• Foundation – Upon registration, the students will get an E-copy of this work book. This work book will prepare my students for the BOOT CAMP and NOT the actual lab.

  • Advanced CCIE R&S 2.0 – This is a 2500 page work book that is technology focused covering every item in the blue print.

  • Boot Camp 2.0 – This is a brand new work book that contains mock labs, there is a mock lab for RIPv2, there is a mock lab for Eigrp and so forth. These are tough labs and they convey unbelievable amount of information a MUST have work book.

  • Troubleshooting 2.0 – Each student gets 2 eight hour troubleshooting labs. These labs are designed to cover the blueprint. You basically load the initial config file which configures the routers and switches for EtherChannel, Trunks, RIPv2, Eigrp, OSPF, BGP, Redistribution, Security, Multicasting, Ip services, IPv6, and etc…… and once the initial configuration is loaded, you will have 15 tickets to resolve. Unbelievable is all I can say about these labs.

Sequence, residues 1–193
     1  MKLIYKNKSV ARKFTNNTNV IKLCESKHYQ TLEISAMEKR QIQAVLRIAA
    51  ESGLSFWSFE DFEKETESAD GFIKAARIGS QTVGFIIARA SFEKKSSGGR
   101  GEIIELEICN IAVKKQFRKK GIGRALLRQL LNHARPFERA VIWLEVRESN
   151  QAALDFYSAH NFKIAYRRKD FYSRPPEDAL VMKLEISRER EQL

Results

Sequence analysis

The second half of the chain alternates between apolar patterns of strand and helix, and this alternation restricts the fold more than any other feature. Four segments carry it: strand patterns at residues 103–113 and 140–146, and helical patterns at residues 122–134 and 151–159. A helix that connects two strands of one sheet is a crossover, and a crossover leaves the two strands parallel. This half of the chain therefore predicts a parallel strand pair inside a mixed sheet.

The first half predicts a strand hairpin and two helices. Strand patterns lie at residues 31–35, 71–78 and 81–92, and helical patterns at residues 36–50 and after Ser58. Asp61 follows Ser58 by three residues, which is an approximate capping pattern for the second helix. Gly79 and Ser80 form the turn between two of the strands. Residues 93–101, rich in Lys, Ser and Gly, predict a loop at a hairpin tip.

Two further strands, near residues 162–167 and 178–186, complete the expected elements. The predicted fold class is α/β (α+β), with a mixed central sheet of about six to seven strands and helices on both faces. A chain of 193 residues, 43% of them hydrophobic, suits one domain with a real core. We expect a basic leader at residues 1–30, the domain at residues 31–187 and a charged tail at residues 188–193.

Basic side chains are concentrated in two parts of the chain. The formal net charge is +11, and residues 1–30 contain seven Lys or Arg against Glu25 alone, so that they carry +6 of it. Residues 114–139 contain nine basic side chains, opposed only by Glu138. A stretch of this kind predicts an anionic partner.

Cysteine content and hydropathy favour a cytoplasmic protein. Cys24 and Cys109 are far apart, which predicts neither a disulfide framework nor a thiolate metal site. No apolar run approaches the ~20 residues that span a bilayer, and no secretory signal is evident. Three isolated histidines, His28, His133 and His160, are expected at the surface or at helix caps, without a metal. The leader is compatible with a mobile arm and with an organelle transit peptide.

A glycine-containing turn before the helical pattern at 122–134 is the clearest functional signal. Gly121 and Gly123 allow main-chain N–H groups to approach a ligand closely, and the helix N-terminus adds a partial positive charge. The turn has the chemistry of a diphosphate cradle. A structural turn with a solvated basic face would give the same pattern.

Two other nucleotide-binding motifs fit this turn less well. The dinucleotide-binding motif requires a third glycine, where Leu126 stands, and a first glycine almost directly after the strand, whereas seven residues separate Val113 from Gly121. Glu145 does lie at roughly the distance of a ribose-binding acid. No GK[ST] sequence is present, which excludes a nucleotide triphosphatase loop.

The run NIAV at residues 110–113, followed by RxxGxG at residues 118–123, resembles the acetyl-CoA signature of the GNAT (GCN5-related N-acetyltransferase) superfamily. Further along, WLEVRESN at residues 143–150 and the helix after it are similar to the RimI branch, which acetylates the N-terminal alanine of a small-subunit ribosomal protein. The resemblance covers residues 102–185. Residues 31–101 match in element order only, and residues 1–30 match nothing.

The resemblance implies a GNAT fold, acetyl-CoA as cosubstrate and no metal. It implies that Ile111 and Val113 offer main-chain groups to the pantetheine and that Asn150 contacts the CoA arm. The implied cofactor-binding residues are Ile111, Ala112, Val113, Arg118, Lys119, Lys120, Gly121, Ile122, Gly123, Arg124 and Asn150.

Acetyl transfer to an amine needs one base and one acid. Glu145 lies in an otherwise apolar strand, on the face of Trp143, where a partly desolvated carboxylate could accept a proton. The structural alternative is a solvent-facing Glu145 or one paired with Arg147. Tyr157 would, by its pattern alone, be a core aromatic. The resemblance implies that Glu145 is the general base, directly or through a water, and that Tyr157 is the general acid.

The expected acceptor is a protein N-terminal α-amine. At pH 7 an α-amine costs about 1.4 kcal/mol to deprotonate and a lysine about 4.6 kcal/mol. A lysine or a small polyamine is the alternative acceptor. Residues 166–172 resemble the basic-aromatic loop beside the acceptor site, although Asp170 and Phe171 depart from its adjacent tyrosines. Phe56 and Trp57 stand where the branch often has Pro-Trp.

• 360 Program – These are 2 volume work books plus a lab guide.

We have added CCIE Service Provider and Security tracks to our schedule and you can see them on our website as of today; we are planning to offer these tracks on monthly basis soon. Remember once you purchase one of the tracks the other tracks will ONLY cost you $1500 each. For example, if you purchased R&S, the SP will cost you $1500, and if later on you decide to take the security track, it will cost you another $1500, as I have stated before, this certification should NOT cost you an arm and a leg. Remember, just because its $1500, the quality WILL NOT SUFFER.

We have added more racks for our students, and we have made the price affordable, ONLY $450 for the entire month, 24 hours a day for 30 days.